I wonder if my children would have been different if I’d done it differently. But thinking about that is both painful and futile. My children are thoughtful, creative, witty, loving, and the best travel buddies I could have hoped for. My children and I are precisely who we are meant to be, and we are learning (including from our mistakes) side by side.
Tomorrow, I’ll drop my son and daughter off at school and then walk six blocks to an office where I’ll keep building on my mission to update the perception of stay-at-home motherhood, infusing it with ambition, dignity, growth and potential. It’s work I discovered because of my time focused on my kids. I may have made mistakes, but I’ll never really regret them. It was the privilege of my lifetime to choose to watch my children grow into exactly who they are. And I grew up right alongside them.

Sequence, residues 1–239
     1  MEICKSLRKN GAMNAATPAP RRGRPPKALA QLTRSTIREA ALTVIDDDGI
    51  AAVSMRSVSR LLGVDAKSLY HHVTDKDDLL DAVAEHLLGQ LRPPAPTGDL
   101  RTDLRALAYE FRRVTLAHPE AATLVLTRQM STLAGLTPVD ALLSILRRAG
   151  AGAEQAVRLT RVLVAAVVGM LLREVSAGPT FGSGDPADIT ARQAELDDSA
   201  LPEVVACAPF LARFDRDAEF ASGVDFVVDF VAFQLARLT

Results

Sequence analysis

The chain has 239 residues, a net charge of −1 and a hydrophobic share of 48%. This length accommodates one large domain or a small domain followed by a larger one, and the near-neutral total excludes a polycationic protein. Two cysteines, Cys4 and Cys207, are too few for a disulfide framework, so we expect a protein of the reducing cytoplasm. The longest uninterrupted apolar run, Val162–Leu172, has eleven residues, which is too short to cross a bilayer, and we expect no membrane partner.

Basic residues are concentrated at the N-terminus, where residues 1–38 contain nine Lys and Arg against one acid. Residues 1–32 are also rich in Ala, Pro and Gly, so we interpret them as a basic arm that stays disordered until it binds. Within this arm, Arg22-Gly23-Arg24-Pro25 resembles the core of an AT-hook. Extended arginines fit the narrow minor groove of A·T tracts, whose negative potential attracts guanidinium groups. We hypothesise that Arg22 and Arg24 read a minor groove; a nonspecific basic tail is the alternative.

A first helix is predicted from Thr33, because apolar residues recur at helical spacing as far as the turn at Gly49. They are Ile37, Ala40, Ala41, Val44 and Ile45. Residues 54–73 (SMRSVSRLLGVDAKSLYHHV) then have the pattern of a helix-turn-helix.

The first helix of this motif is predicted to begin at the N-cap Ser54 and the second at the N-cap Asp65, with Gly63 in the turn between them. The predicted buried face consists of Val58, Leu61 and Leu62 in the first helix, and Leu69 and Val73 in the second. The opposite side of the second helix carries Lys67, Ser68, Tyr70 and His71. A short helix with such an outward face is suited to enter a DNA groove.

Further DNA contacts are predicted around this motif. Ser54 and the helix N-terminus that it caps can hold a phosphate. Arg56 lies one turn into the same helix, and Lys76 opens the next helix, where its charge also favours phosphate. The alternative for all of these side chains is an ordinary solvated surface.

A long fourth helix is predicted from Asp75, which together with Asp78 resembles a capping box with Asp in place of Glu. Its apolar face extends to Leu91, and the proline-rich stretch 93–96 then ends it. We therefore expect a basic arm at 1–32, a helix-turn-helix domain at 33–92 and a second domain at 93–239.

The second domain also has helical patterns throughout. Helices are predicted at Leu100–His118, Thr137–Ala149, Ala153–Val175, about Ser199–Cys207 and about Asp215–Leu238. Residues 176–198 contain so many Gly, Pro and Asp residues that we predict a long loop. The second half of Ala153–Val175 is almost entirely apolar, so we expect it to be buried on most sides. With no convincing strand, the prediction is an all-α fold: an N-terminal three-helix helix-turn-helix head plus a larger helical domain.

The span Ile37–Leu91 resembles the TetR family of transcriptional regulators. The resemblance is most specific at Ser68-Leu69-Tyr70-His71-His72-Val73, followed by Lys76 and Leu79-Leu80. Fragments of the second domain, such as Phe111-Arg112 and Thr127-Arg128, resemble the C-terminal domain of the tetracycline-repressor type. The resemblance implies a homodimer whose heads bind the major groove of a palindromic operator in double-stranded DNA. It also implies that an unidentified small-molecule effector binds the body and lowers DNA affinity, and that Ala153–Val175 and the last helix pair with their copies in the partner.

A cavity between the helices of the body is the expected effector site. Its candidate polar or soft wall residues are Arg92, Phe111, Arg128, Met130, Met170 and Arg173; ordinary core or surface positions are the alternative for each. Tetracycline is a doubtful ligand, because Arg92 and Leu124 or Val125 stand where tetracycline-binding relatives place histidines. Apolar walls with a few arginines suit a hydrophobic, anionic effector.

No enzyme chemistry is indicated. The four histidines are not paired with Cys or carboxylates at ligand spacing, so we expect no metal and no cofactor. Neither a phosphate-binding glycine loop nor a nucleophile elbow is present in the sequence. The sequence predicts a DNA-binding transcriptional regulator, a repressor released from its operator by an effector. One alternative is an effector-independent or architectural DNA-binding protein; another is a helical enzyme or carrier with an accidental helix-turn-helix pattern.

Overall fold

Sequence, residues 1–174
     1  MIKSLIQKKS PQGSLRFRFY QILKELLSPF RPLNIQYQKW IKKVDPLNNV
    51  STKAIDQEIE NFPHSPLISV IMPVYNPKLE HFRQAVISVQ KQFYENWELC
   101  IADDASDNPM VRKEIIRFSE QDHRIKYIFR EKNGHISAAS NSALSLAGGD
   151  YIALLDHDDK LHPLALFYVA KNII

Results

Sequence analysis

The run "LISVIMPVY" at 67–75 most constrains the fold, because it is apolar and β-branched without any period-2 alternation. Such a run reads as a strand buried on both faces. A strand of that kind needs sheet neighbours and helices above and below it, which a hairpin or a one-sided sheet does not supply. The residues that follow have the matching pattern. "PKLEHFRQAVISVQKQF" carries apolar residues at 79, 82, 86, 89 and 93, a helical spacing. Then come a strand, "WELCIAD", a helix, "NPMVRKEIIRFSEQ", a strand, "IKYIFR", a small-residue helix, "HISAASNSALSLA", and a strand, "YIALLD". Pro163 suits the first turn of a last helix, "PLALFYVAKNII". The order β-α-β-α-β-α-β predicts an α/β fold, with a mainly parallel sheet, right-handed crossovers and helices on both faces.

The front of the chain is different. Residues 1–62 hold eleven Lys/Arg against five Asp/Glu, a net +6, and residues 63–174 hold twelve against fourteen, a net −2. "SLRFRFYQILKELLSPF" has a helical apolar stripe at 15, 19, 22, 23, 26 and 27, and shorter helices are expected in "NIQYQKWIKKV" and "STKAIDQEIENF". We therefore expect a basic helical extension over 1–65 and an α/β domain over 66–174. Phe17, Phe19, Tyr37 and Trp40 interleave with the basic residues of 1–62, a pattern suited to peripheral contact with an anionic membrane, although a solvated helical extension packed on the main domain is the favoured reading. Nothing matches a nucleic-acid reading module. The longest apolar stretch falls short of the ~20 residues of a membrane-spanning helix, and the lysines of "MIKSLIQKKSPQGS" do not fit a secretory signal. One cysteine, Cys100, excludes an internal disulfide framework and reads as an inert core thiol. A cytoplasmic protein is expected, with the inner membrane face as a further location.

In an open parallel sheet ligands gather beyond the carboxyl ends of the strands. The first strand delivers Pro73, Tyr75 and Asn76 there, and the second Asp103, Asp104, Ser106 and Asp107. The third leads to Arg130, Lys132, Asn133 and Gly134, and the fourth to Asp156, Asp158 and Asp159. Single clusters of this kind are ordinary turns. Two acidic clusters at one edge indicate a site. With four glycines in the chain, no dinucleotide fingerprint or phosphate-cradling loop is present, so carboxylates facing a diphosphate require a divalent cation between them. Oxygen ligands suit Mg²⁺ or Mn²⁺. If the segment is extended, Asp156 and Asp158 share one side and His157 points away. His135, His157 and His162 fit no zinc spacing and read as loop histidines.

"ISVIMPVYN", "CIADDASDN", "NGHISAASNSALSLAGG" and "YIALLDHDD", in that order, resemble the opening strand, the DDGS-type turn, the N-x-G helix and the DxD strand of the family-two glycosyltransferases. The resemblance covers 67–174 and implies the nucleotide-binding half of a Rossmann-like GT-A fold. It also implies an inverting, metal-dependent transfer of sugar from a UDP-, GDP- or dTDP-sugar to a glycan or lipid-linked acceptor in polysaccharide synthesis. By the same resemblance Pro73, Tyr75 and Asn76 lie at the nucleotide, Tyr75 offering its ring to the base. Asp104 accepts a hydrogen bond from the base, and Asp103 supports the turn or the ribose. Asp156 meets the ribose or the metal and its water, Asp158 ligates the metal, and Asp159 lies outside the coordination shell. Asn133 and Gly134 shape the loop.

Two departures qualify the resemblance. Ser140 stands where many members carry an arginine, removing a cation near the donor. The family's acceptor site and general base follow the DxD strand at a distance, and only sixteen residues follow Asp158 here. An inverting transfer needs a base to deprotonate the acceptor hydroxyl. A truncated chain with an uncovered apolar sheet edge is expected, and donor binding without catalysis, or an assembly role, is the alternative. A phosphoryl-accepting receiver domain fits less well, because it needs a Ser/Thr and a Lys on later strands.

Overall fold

Neha Ruch is the founder of Mother Untitled, the leading platform for ambitious women leaning into family life, which she founded in 2017. A thought leader, writer and speaker on parenting, women, work and identity, Neha worked for a decade in digital and brand strategy and earned an MBA from Stanford. Mother Untitled recently released part one of American Mothers on Pause, a proprietary study about modern stay-at-home mothers. Neha’s first book, The Power Pause, will be published by Putnam/Penguin Random House in January 2025.